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Vol. 75/No. 28      August 1, 2011

Working class is rulers’ target
in U.S. debt ceiling ‘showdown’
(front page)
Behind the supposed partisan showdown in Washington over raising the $14.3 trillion federal “debt ceiling,” Democrats and Republicans alike aim to impose cuts to Social Security, Medicare, Medicaid, and other social programs vital to workers and farmers.

President Barack Obama, for example, is floating the idea of increasing the eligibility age for Medicare from 65 to 67 and further reducing cost-of-living payments to Social Security recipients. The divided Republican membership in Congress peddle their own belt-tightening remedies.

Failure to raise the government’s debt “limit” by August 2 “could plunge the world economy back in recession,” the president told the press. Federal Reserve chairman Ben Bernanke warned of a market crisis similar to the one that followed the 2008 bankruptcy of the Lehman Brothers investment house.

To pressure Republicans to vote to lift the debt limit, Obama is using scare tactics. He told CBS News he can’t guarantee Social Security checks will be sent out August 3 “because there may simply not be the money in the coffers to do it.”

But the big danger to Social Security comes from bipartisan plans to raise the eligibility age, gut cost-of-living protection, and eventually push up payroll taxes, not from the looming vote in Congress. In the short term, noted Andrew Biggs in The American July 12, “By itself, the payroll tax would cover around 93 percent of all Social Security payments.”

No such threats are posed for bondholders, however, a group that largely coincides with the class of propertied ruling families in the United States. They continue to receive payments on interest and principal—their “contractual rights”—as they have at every turn in government bailouts during the 2008-2009 financial crisis, from Bear Stearns to General Motors, you name it.

But bondholders are not of one mind today about hiking the “debt ceiling.” Bill Gross, founder of Pimco, the world’s largest bond fund, warns of dire consequences if it’s not raised. In the July 13 Washington Post, he says, “Don’t mess with the debt ceiling,” as a default on U.S. bond payments would introduce “fear and unnecessary volatility into the economy and global trade.”

But Stanley Druckenmiller, a well-known former fund manager for financier George Soros, says that what bondholders want most are steep cuts in social spending now, to ensure their payments are stable and secure over the long haul.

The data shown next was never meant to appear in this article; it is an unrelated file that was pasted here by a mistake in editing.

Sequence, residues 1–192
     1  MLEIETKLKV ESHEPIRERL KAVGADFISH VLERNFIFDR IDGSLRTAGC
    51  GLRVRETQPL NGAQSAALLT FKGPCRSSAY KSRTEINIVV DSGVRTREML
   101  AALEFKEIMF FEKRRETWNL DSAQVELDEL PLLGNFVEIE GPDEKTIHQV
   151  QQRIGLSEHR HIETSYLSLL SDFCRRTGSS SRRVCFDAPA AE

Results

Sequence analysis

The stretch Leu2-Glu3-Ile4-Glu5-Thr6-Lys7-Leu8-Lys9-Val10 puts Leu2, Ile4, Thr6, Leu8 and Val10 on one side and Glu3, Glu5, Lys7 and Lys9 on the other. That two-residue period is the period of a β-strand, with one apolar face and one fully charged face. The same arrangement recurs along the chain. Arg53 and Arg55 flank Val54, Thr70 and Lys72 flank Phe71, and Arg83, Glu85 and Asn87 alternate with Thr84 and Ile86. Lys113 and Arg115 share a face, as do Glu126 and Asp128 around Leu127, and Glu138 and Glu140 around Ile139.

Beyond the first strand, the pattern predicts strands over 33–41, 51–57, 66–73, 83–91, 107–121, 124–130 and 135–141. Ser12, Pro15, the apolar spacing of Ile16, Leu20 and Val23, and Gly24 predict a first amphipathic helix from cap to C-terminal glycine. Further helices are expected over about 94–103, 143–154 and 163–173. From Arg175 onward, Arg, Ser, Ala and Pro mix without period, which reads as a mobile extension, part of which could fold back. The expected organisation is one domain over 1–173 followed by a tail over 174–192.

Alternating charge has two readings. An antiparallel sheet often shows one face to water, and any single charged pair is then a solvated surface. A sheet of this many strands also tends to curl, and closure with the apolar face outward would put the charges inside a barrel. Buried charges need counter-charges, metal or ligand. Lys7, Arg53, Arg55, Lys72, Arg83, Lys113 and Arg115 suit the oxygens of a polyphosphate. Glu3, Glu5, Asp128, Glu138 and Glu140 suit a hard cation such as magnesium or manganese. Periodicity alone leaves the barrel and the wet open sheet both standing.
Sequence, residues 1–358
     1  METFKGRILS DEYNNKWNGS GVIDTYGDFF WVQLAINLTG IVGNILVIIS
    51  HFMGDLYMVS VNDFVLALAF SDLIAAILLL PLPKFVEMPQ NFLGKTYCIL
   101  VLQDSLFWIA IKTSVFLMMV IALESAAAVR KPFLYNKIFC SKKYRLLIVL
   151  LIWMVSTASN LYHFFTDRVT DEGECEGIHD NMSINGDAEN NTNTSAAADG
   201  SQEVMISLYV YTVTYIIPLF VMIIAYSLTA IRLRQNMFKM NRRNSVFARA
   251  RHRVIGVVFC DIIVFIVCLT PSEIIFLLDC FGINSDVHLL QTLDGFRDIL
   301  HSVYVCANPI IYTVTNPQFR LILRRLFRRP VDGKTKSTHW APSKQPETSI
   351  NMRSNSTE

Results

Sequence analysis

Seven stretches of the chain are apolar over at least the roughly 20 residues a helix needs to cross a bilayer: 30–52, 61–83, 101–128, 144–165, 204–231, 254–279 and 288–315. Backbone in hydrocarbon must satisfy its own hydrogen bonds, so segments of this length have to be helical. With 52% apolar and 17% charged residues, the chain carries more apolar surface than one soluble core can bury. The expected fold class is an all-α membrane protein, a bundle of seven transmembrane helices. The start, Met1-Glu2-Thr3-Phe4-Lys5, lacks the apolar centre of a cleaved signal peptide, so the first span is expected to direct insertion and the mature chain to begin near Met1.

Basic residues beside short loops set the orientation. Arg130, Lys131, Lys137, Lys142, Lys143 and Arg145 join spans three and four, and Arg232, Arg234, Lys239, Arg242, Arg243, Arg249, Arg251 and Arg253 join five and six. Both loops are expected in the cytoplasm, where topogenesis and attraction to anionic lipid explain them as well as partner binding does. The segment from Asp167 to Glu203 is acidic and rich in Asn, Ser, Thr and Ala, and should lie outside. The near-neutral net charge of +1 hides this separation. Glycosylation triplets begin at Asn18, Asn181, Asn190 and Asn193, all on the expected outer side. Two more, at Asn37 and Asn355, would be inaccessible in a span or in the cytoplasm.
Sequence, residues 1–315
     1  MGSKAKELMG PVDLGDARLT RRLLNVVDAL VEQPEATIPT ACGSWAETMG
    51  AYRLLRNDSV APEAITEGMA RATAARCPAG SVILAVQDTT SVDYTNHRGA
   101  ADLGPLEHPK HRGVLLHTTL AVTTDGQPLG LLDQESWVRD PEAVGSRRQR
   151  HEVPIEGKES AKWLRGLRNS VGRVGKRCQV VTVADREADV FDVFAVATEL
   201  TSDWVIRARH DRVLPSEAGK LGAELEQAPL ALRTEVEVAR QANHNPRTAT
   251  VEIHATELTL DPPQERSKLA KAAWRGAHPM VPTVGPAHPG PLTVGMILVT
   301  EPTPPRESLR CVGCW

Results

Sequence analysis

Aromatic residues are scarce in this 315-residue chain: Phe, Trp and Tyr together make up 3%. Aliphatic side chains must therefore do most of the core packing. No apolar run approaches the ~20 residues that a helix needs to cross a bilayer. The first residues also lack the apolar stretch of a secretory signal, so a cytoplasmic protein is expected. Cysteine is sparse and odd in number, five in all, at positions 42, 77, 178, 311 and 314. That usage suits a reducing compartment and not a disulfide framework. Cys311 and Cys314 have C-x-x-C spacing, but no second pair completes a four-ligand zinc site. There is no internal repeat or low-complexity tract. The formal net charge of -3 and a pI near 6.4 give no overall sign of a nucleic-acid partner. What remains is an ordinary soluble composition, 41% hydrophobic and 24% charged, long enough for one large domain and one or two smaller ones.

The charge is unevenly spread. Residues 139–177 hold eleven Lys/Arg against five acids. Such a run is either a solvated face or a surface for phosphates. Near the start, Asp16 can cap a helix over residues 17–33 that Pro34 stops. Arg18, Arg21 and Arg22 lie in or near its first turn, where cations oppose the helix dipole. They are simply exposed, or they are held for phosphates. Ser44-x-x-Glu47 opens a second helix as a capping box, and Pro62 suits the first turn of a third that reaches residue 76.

“A financial crisis is surely going to happen as big or bigger than the one we had in 2008 if we continue to behave the way we’re behaving,” he told the Wall Street Journal in mid-May.

On August 2 he said that Washington would only experience a “technical default,” in which investors may have to wait a short period for a particular interest payment. In exchange for that, “I’m going to get massive cuts in entitlements … so my payments seven, eight, nine, 10 years out are much more assured.”

Echoing Druckenmiller’s doubts that bondholders are fit to be tied over the August 2 deadline, Bloomberg News columnist Caroline Baum wrote a July 14 opinion piece, headlined “Worried about Debt Limit? The Bond Market Isn’t.” Despite warnings by government officials that a default would increase borrowing costs and interest payments, “why is the bond market trading like a passive observer?” she asked.

One reason, Baum noted, is that the United States, in the words of one banker, “still looks pretty good compared to the risks associated with European debt.” This includes countries increasingly threatened with default such as Greece, Ireland, Portugal, Spain—and now Italy—as well as stronger capitalist powers like France and Germany that hold sizable amounts of the debt from their smaller brethren.

Workers and farmers across Europe, too, face the ax to their jobs, wages, pensions, medical care, and working conditions.

“The issue is the federal debt itself, not the debt limit,” says the Bloomberg News columnist, throwing her lot behind massive cuts in social programs needed by working people. “Not much point wasting a lot of time and energy on the dress rehearsal.”  
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